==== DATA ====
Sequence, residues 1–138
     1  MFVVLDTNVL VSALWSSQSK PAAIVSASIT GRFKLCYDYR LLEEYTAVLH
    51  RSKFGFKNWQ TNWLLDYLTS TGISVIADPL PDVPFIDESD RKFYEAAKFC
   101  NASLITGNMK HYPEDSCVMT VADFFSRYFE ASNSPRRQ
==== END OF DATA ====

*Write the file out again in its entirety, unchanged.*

Sequence, residues 1–138
     1  MFVVLDTNVL VSALWSSQSK PAAIVSASIT GRFKLCYDYR LLEEYTAVLH
    51  RSKFGFKNWQ TNWLLDYLTS TGISVIADPL PDVPFIDESD RKFYEAAKFC
   101  NASLITGNMK HYPEDSCVMT VADFFSRYFE ASNSPRRQ